We find in museums, but not in common use, another terrible implement for the curbing of the rebellious tongues of scolding women. It was called the brank or scold’s bridle, and probably came to us from Scotland with the Solomon of the North, whither the idea of it had been conveyed through the intercourse of that region with France. It is a sort of iron cage or framework helmet, which was fastened on the head, having a flat tongue of iron that was placed on the tongue of the victim and effectually restrained her from using it. Sometimes the iron tongue was embellished with spikes so as to make the movement of the human tongue impossible except with the greatest agony. Imagine the poor wretch with her head so encaged, her mouth cut and bleeding by this sharp iron tongue, none too gently fitted by her rough torturers, and then being dragged about the town amid the jeers of the populace, or chained to the pillory in the market-place, an object of ridicule and contempt. Happily this scene has vanished from vanishing England. Perhaps she was a loud-voiced termagant; perhaps merely the ill-used wife of a drunken wretch, who well deserved her scolding; or the daring teller of home truths to some jack-in-office, who thus revenged himself. We have shrews and scolds still; happily they are restrained in a less barbarous fashion. You may still see some fearsome branks in museums. Reading, Leeds, York, Walton-on-Thames, Congleton, Stockport, Macclesfield, Warrington, Morpeth, Hamstall Ridware, in Staffordshire, Lichfield, Chesterfield (now in possession of the Walsham family), Leicester, Doddington Park, Lincolnshire (a very grotesque example), the Ashmolean Museum at Oxford, Ludlow, Shrewsbury, Oswestry, Whitchurch, Market Drayton, are some of the places which still possess scolds’ bridles. Perhaps it is wrong to infer from the fact that most of these are to be found in the counties of Cheshire, Staffordshire, and Shropshire, that the women of those shires were especially addicted to strong and abusive language. It may be only that antiquaries in those counties have been more industrious in unearthing and preserving these curious relics of a barbarous age. The latest recorded occasion of its use was at Congleton in 1824, when a woman named Ann Runcorn was condemned to endure the bridle for abusing and slandering the churchwardens when they made their tour of inspection of the alehouses during the Sunday-morning service. There are some excellent drawings of branks, and full descriptions of their use, in Mr. Andrews’s Bygone Punishments.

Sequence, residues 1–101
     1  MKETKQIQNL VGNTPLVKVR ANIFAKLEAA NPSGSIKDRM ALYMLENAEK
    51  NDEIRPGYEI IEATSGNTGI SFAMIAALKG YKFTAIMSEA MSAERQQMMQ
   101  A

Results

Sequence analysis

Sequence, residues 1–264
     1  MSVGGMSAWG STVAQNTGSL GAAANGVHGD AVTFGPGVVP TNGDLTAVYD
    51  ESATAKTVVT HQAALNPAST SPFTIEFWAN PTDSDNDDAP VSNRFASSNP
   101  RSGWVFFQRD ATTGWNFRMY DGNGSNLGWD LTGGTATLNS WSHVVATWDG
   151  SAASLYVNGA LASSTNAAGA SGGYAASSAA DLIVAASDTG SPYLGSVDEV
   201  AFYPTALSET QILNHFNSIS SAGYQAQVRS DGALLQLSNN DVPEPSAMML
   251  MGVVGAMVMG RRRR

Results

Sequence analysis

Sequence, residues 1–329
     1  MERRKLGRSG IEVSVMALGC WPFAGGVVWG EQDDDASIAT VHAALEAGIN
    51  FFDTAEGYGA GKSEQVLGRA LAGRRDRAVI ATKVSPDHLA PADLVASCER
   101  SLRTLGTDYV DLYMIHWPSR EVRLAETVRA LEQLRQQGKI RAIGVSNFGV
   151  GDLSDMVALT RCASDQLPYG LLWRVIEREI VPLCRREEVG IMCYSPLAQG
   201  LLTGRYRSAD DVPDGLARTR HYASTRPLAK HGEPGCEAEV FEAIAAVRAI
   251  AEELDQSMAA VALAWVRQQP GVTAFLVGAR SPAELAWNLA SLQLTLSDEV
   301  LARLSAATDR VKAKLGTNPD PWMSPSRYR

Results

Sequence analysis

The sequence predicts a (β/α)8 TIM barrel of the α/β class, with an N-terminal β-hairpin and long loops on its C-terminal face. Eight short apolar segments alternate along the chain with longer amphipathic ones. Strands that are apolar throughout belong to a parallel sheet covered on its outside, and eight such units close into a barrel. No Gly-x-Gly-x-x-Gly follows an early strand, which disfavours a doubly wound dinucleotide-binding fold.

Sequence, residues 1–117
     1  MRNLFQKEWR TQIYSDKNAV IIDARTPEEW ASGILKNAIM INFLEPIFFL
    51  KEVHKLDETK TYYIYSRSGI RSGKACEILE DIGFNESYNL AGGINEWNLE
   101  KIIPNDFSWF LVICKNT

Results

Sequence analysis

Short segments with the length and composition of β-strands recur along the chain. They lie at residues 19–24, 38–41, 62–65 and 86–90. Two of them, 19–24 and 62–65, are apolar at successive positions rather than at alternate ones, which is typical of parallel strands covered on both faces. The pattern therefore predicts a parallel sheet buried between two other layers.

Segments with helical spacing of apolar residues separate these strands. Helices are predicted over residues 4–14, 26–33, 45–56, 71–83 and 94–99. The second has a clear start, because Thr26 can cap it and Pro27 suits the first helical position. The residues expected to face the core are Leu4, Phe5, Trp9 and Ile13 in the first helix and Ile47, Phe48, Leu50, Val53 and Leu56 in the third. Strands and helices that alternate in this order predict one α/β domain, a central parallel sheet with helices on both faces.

Another relic of old-time punishments most gruesome of all are the gibbet-irons wherein the bones of some wretched breaker of the laws hung and rattled as the irons creaked and groaned when stirred by the breeze. Pour l’encouragement des autres, our wise forefathers enacted that the bodies of executed criminals should be hanged in chains. At least this was a common practice that dated from medieval times, though it was not actually legalized until 1752. This Act remained in force until 1834, and during the interval thousands of bodies were gibbeted and left creaking in the wind at Hangman’s Corner or Gibbet Common, near the scene of some murder or outrage. It must have been ghostly and ghastly to walk along our country lanes and hear the dreadful noise, especially if the tradition were true